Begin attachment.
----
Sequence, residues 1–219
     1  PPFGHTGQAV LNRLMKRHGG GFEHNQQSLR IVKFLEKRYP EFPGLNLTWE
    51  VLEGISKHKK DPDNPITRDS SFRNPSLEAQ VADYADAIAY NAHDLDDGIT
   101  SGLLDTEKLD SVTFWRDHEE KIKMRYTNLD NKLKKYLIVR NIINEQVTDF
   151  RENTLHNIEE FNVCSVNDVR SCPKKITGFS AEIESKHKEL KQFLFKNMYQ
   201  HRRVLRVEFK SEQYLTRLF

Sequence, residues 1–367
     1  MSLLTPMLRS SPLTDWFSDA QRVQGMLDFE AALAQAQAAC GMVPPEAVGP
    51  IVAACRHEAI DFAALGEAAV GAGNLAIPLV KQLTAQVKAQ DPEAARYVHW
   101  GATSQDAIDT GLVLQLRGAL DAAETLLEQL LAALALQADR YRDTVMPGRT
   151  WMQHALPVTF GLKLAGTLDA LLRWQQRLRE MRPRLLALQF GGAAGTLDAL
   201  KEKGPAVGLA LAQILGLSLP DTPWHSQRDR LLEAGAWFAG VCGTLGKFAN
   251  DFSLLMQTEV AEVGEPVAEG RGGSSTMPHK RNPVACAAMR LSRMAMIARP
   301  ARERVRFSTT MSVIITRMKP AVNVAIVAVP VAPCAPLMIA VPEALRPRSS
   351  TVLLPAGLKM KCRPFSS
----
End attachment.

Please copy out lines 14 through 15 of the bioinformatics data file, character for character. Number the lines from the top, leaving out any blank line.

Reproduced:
   301  ARERVRFSTT MSVIITRMKP AVNVAIVAVP VAPCAPLMIA VPEALRPRSS
   351  TVLLPAGLKM KCRPFSS